Today is pretty much Super Bowl Sunday for the medical marijuana issues here in Florida, at least for the next year. The state Supreme Court is scheduled to hear arguments Thursday over the 75 words proponents want to include on next year's ballot, an initiative that would open the doors for doctors to prescribe the good green in needed cases.
Fighting the issue are the usual suspects - tight-assed Republicans, here led by Attorney General Pam Bondi - who claim the ballot is really just a way to outfit every Florida man, woman, and child with a weed addiction. But depending on which way the high court rolls after today's debate, Florida may soon be the next state in the weed game, or the whole progressive effort might be tossed back to the starting line.
Fighting for pro-ballot side is People United for Medical Marijuana. The group maintains that the language they've laid out for the ballot is clear and straight-shooting. Bondi and Co, however, say the legalese therein contained is actually vague, providing no structure on when medical marijuana would be appropriate.
But the real open secret here about today's court date? It has nothing to do with medical marijuana, and everything to do with Rick Scott's scramble to keep the governor's office.
See, if the weed measure makes it onto the ballot, it's expected to bring out more Democratic voters, as well as middle-of-the-road folks who could care less about Rick Scott but are willing to support marijuana reform.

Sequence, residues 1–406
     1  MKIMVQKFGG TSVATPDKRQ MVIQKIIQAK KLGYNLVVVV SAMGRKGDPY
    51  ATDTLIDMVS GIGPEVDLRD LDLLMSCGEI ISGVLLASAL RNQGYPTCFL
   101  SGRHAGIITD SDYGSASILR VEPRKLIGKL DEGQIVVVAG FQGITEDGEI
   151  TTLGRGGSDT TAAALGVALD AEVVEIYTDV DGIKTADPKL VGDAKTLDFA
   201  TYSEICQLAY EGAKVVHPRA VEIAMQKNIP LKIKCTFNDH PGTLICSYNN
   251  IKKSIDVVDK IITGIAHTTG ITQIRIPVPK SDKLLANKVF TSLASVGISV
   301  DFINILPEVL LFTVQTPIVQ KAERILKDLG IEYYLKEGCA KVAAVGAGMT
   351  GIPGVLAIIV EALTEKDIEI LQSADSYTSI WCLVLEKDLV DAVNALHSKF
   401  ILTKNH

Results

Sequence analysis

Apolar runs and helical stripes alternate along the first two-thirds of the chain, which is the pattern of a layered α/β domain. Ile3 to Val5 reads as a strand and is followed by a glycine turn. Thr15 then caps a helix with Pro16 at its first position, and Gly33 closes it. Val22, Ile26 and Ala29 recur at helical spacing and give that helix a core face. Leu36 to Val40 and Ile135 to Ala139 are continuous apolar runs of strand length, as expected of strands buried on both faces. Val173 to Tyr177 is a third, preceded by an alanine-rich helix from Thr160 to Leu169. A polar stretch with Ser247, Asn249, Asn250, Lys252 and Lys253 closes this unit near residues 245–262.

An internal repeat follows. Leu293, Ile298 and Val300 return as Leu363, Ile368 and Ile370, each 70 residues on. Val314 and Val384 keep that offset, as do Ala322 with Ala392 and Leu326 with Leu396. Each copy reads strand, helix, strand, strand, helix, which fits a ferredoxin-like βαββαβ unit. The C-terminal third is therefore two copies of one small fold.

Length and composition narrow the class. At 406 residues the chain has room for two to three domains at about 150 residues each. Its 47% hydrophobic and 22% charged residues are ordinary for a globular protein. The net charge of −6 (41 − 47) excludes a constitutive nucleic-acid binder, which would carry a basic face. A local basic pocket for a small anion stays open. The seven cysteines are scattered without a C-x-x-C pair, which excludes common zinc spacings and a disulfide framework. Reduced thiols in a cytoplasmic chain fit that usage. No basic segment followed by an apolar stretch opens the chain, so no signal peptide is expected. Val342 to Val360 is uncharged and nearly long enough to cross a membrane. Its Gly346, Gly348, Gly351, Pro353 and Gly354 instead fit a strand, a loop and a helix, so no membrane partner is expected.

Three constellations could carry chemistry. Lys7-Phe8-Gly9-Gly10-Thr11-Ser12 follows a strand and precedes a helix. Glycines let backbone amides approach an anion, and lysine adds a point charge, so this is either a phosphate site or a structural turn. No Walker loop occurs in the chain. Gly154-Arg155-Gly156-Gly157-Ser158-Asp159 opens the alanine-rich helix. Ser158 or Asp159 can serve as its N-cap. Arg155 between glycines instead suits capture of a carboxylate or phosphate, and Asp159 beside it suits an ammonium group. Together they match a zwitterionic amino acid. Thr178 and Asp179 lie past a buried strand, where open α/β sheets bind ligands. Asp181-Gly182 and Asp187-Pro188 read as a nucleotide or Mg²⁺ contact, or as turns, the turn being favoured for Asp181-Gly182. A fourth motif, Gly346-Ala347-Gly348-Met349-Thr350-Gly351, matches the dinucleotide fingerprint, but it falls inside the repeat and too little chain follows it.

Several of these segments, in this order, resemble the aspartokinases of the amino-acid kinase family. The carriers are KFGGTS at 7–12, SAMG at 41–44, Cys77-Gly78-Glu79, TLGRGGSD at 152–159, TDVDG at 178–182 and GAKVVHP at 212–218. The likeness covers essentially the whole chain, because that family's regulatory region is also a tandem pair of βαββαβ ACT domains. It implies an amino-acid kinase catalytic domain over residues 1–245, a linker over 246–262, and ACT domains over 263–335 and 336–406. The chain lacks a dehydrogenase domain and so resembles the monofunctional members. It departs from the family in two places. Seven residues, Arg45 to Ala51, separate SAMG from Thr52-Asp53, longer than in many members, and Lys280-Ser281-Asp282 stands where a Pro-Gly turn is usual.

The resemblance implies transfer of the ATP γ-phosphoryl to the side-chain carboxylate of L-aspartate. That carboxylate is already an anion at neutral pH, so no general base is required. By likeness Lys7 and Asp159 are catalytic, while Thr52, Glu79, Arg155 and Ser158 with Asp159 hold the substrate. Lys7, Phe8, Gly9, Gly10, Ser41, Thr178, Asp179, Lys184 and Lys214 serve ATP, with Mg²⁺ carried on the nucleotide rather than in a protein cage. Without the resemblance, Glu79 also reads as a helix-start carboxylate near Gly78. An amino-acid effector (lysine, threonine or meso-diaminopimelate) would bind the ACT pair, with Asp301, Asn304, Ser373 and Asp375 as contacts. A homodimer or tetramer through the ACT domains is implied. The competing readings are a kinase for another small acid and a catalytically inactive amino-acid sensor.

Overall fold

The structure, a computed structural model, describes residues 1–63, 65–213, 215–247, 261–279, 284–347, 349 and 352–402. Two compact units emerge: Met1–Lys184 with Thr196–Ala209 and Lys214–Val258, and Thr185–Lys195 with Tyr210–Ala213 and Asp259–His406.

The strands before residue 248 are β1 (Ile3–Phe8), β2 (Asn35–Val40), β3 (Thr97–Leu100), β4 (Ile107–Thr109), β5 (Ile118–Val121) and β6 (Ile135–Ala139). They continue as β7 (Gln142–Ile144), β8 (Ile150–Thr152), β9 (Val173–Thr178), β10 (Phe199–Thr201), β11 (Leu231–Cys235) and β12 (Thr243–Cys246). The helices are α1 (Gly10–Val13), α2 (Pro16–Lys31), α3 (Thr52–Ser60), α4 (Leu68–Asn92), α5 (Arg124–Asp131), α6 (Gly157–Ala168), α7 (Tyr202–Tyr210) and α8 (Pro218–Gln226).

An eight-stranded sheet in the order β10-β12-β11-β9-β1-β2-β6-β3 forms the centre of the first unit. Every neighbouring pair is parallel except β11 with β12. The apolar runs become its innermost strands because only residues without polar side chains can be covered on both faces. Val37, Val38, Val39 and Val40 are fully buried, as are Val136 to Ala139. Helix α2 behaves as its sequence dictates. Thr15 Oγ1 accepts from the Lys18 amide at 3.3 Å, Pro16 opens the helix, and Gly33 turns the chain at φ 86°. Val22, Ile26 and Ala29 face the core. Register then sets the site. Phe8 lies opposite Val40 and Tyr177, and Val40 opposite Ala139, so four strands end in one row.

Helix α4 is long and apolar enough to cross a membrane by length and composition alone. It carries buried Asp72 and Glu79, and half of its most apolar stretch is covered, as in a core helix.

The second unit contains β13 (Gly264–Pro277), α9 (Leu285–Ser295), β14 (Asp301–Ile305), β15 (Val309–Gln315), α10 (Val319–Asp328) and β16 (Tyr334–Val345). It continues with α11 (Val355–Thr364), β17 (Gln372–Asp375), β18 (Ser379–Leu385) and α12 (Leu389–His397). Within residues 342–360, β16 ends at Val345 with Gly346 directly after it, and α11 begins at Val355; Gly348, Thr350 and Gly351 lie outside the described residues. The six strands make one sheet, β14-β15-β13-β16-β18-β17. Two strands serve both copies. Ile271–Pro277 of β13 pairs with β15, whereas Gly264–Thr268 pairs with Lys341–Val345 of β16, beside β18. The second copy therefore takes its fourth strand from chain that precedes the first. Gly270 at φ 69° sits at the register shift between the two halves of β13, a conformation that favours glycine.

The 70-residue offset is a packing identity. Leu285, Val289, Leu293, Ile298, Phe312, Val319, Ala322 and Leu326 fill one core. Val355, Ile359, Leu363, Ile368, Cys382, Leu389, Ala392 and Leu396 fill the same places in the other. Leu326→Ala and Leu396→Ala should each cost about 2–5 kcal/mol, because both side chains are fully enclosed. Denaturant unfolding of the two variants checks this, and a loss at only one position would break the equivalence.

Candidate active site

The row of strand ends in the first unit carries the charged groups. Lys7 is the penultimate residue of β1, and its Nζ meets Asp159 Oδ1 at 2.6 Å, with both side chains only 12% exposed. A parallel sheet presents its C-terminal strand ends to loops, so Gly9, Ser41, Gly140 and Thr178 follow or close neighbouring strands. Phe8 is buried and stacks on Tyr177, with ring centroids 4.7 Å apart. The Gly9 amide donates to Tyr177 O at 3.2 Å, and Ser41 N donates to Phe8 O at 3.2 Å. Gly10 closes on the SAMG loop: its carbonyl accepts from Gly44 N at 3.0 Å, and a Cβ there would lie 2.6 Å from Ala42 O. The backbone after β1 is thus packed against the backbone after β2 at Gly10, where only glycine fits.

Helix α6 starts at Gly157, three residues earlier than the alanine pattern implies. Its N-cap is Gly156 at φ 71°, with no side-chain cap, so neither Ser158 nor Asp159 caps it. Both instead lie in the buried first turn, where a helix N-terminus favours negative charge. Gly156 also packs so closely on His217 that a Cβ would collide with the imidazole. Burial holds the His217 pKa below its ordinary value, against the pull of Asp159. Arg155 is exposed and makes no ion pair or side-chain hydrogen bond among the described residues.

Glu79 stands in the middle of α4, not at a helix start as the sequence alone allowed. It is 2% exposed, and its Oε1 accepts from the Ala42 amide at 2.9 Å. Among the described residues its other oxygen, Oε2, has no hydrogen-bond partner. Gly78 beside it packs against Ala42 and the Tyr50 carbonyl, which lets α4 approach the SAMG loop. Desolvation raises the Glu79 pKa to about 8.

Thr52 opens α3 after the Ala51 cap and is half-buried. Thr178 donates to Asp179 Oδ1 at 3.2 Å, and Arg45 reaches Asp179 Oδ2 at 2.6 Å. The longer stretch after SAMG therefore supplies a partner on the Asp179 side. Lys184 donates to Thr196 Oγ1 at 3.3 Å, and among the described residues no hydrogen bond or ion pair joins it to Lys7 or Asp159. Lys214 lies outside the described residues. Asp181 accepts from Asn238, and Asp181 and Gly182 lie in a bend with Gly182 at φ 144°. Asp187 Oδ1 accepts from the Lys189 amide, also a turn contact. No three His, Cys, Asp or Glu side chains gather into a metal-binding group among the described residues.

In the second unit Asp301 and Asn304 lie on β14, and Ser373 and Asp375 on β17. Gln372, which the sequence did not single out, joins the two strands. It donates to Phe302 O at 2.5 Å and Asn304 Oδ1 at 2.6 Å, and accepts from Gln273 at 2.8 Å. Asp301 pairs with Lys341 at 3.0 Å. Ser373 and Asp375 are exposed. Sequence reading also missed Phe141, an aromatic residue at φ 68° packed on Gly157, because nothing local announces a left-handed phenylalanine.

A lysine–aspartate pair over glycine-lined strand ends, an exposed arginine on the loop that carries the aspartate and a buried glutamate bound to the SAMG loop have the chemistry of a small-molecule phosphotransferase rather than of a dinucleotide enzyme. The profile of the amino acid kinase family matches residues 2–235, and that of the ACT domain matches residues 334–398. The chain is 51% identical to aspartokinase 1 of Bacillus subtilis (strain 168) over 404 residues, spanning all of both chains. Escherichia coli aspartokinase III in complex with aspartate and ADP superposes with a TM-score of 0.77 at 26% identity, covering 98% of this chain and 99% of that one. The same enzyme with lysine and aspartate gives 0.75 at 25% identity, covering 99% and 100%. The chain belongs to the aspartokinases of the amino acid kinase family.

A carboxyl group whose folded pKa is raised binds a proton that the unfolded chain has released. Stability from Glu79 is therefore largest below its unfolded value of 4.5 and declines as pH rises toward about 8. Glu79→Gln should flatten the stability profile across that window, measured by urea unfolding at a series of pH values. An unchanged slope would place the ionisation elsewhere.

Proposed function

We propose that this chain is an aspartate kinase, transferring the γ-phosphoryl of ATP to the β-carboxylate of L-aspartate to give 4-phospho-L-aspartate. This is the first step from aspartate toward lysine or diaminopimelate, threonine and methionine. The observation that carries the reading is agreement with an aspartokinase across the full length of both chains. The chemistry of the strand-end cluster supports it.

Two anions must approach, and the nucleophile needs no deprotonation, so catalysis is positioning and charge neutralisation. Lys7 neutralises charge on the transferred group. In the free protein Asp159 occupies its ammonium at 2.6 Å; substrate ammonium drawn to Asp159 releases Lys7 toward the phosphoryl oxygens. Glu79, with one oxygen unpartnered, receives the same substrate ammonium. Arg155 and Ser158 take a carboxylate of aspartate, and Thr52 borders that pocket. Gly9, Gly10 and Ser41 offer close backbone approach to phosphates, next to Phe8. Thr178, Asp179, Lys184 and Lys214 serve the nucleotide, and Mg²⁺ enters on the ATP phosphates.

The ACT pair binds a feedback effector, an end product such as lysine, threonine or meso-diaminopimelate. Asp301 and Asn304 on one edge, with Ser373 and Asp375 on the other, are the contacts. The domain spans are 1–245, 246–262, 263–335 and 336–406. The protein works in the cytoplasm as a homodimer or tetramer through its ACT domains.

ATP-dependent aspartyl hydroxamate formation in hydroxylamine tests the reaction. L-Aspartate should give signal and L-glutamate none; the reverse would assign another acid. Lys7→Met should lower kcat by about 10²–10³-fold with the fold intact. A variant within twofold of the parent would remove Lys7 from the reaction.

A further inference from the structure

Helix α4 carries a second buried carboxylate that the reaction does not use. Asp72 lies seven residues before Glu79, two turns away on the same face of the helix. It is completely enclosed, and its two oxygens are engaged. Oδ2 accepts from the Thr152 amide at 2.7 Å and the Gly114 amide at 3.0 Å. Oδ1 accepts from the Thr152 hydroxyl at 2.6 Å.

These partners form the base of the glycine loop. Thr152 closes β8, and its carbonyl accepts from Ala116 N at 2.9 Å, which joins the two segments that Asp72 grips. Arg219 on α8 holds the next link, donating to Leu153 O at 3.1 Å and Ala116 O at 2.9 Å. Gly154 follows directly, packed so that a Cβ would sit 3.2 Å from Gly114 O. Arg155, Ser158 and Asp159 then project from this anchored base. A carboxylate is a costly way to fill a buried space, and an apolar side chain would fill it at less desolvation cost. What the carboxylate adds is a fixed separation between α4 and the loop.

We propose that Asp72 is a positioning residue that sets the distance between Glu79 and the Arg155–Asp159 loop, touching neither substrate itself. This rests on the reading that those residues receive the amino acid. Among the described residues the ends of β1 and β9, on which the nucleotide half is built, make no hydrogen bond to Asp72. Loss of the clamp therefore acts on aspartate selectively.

The latest polls suggest 82 percent of people favor the measure. Couple that issue on a ballot with a governor's race, and you have a influx of progressive-leaning voters at the booth on Election Day. The likely Dem nominee, Charlie Crist (a man who has never missed a self-serving opportunity in his life) has already come out in favor the ballot.
If the Supreme Court doesn't knee-cap the ballot push after today's argument, backers have until February 1 to collected 683,149 signatures, according to the Tampa Bay Times. Supporters claim they're already in the neighborhood of 500,000. If the judges side with Bondi, the issue is dead for the next year.
Send your story tips to the author, Kyle Swenson.
We Believe Local Journalism is Critical to the Life of a City
Engaging with our readers is essential to New Times Broward-Palm Beach's mission. Make a financial contribution or sign up for a newsletter, and help us keep telling South Florida's stories with no paywalls.
Support Our Journalism